One of the most common causes of foot pain is plantar fasciitis.
The plantar fascia is a strong band of connective tissue that stretches from the heel to the ball of the foot, supporting the arch of the foot. The plantar fascia is designed to absorb the body’s weight when standing, walking and running. But, sometimes, too much pressure damages or tears the tissues. The body’s natural response to injury is inflammation, which results in the heel pain and stiffness of plantar fasciitis.
Plantar fasciitis occurs when this fascia becomes irritated and inflamed due to overuse. This leads to pain on the bottom of the foot near the heel.
People may experience pain with the first few steps after getting out of bed or after sitting for prolonged periods. The pain usually subsides after a few minutes of walking. The pain tends to be greater after activity, not during activity.
Most cases plantar fasciitis arise without an identifiable cuse. There are, however, risk factors that can make someone more likely to develop plantar fasciitis. These include:
Tight calf muscles that make it difficult to bring your toes up toward your shin
Being overweight or obese
Sports or activities that lead to repeated impact to the foot, such as running.
Treatment Options for Plantar Fasciitis
Your doctor will recommend a treatment plan based on the severity of symptoms, responses to past treatments, your medical history and personal preferences.
It is important to note that the majority of people with plantar fasciitis will improve with simple non-surgical approaches.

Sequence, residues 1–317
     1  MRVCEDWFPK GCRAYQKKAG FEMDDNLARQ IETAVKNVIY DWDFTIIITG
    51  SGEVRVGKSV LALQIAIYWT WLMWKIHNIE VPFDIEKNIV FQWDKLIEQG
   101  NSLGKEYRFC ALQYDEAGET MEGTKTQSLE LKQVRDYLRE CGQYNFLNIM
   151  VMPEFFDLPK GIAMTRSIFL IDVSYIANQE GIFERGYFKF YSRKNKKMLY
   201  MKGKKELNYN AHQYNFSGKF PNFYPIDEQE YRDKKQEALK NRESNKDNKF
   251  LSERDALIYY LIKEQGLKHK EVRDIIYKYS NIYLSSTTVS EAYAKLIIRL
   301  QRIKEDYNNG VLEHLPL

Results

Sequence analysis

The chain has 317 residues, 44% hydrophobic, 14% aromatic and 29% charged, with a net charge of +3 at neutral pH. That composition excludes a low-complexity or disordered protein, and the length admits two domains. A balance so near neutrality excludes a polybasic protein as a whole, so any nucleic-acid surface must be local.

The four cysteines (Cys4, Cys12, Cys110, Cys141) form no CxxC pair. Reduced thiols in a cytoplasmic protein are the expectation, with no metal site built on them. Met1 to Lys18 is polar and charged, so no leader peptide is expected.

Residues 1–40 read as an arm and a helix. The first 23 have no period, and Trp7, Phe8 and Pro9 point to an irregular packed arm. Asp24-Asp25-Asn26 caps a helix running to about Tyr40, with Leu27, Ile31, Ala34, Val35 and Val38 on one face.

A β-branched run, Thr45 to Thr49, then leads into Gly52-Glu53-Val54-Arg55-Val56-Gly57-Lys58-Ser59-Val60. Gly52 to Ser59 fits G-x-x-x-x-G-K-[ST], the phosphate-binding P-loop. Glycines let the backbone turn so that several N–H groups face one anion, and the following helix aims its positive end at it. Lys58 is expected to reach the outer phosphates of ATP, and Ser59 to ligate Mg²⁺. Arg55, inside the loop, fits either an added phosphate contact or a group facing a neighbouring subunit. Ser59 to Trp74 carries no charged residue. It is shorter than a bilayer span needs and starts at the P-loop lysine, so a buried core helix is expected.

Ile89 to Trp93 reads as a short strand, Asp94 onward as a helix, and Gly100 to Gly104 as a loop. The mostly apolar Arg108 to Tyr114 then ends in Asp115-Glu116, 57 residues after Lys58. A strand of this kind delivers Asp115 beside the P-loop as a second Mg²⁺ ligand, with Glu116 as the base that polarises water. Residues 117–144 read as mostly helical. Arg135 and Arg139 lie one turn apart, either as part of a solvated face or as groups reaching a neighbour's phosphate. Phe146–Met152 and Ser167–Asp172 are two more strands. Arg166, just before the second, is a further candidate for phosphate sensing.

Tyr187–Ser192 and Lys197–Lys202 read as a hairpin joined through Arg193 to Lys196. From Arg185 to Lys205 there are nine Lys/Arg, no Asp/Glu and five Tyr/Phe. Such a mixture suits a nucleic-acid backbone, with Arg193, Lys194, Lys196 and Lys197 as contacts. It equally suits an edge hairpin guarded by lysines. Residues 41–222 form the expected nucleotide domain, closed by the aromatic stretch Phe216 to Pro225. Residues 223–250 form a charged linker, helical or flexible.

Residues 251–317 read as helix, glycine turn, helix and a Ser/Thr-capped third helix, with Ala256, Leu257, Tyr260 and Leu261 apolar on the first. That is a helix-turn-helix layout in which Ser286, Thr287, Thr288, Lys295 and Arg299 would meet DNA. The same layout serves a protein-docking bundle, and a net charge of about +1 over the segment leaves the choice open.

Rest. Decrease or stop the activities that make the pain. You may need to stop athletic activities where your feet pound on hard surfaces, such as running
Ice. Rolling your foot over a cold water bottle or ice for 20 minutes, 3-4 times per day is effective.
NSAIDs (Nonsteroidal anti-inflammatory drugs) Over-the-counter anti-inflammatory medication, such as ibuprofen or naproxen, can reduce pain and swelling. Using the medication for more than 1 month should be reviewed with your doctor.
Exercise. Plantar fasciitis is aggravated by tight muscles in your feet and calves. Stretch your calves and plantar fascia to relieve the pain that comes with this condition.
Corticosteroid injections. Corticosteroid (cortisone) is a powerful anti-inflammatory medication that be injected into the plantar fascia to reduce inflammation and pain. There is a limit to the number of times corticosteroids injections can be administered. Multiple steroid injections increase the risk of the plantar fascia becoming weak and even rupturing.
Supportive shoes and orthotics. Wear shoes with thick soles and extra cushioning to reduce pain when standing or walking. Soft silicone heel pads are inexpensive and work by elevating and cushioning your heel. Pre-made or custom orthotics (shoe inserts) can also be helpful.
Night splints. Most people sleep with their feet pointed down. This relaxes the plantar fascia and is one of the reasons for morning heel pain. A night splint stretches the plantar fascia while you sleep. Although it can be difficult to sleep with, a night splint is very effective and does not have to be used once the pain is gone.
Physical therapy. Your doctor may suggest that you work with a physical therapist on an exercise program that focuses on stretching your calf muscles and plantar fascia.